A precision seeder is one of those tools I wouldn’t recommend getting right away. I gardened for many years without one, and have tried gardening with mostly transplants, gardening with mostly direct seedling, broadcast-seeding, carefully sprinkling seed in rows, and many variations. Many people garden with mostly transplants/plant starts and would not get much use out of this tool, but if you have been gardening for many years, grow a lot of annual food crops, prefer not to grow from transplants, and have trouble getting seeds to come up evenly, this might be a tool to look into.

Precision seeders like the ground to be flat and even, so some preparation is needed. On rough ground and in chicken tractored mulch, I make small trenches, and then fill the trenches in with a couple of spadefuls of compost, using the rake or hoe to flatten out the compost and compact it slightly. I used to do this for direct seeding small seeds without the seeder, instead making furrows with the rake, sprinkling the seed in, and using the rake to cover it.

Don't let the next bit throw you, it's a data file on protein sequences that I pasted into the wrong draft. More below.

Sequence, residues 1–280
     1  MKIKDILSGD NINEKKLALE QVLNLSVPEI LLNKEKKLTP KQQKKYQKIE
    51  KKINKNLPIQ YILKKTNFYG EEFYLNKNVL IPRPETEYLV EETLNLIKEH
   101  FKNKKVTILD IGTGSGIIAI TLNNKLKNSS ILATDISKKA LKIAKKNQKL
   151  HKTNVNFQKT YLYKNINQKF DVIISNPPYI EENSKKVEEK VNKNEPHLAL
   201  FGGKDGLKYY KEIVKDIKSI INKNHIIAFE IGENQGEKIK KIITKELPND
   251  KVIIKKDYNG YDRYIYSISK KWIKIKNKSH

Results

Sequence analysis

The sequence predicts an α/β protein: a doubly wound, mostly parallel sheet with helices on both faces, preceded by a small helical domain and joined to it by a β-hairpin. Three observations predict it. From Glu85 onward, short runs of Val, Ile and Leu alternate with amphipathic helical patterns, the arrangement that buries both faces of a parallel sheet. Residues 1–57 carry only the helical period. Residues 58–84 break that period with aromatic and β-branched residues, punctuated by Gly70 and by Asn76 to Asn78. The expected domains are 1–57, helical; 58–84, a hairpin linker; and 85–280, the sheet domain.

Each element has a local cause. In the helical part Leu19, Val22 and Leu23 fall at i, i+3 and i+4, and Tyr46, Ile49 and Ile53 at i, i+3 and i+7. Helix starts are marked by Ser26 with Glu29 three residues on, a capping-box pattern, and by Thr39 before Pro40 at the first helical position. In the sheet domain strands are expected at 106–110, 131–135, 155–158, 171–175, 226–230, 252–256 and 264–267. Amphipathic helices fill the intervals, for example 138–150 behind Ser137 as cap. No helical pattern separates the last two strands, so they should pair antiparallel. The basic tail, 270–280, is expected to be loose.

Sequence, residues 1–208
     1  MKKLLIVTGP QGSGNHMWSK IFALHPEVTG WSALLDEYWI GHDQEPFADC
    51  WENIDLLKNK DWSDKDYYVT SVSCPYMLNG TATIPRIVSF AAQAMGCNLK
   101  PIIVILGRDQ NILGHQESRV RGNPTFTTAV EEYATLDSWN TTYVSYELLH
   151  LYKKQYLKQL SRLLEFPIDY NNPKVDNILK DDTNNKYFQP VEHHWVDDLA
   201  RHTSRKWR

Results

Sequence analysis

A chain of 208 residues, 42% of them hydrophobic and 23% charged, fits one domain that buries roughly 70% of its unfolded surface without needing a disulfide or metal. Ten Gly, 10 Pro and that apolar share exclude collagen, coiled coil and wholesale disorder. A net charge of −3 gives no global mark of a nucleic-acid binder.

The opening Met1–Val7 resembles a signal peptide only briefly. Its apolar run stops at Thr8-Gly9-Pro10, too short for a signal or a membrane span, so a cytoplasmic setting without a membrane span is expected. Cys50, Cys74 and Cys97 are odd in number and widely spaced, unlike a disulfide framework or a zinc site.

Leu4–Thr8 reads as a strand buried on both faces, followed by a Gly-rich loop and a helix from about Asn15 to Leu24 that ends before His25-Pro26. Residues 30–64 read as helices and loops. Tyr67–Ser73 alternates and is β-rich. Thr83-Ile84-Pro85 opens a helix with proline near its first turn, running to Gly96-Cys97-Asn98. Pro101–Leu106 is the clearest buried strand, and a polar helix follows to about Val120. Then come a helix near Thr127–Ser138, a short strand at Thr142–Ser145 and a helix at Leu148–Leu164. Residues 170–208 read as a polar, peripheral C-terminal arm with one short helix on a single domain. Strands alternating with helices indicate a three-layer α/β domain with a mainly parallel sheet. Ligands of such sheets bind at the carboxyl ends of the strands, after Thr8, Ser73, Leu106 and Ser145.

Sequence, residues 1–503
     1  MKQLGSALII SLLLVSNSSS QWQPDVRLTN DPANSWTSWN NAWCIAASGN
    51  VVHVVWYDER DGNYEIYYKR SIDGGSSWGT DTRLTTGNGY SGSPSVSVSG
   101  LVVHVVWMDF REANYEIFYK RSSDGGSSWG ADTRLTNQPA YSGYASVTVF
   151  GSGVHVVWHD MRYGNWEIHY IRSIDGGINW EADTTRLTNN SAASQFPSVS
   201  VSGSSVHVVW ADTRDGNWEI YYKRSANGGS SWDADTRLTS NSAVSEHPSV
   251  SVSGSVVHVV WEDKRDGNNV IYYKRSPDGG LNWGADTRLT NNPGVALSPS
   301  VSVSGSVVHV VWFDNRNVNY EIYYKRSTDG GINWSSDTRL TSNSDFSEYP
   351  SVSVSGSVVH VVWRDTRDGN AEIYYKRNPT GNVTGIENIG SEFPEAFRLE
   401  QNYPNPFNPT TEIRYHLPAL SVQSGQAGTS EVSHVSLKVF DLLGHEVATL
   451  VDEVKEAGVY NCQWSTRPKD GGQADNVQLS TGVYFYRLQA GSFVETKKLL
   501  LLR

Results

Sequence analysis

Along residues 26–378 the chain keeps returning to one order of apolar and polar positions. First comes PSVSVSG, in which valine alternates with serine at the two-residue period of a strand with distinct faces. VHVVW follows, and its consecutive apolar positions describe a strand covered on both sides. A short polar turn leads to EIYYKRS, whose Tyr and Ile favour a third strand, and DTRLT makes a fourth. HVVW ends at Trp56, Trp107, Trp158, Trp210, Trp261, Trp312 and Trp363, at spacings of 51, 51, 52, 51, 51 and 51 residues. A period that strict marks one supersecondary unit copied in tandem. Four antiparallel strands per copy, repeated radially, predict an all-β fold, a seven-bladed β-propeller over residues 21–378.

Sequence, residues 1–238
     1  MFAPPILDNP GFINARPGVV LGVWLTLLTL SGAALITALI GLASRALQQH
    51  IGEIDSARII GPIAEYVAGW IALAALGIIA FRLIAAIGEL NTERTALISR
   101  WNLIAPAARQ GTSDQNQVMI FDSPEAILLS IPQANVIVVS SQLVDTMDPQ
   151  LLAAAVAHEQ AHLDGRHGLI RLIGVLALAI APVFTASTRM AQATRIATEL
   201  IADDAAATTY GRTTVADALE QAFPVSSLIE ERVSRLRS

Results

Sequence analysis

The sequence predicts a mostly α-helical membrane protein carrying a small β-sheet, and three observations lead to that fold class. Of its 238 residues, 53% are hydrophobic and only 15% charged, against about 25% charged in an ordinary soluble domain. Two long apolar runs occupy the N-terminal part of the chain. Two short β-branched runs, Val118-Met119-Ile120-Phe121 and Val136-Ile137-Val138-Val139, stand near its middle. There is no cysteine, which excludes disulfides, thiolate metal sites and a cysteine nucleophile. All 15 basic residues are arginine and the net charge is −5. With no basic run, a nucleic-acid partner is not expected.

Strong hand trowel

For transplanting vegetable seedlings, small perennials, harvesting roots, and working with pot plants, it’s worth having a strong hand trowel – weak and flimsy ones can bend or break on anything but the softest soil.

Rice knife

A rice knife or Japanese rice sickle is a serrated blade that can be useful for ‘chop and drop’ of non-woody plants, and for harvesting grain.

Going beyond organic gardening

If you’d like to learn more about growing all your food garden fertility on your own land with no inputs, and lots more information to help you become a better organic gardener, I’d recommend checking out this 30 hour master gardener video course with an organic permaculture focus, currently on Kickstarter here.

Click here to go to the garden master course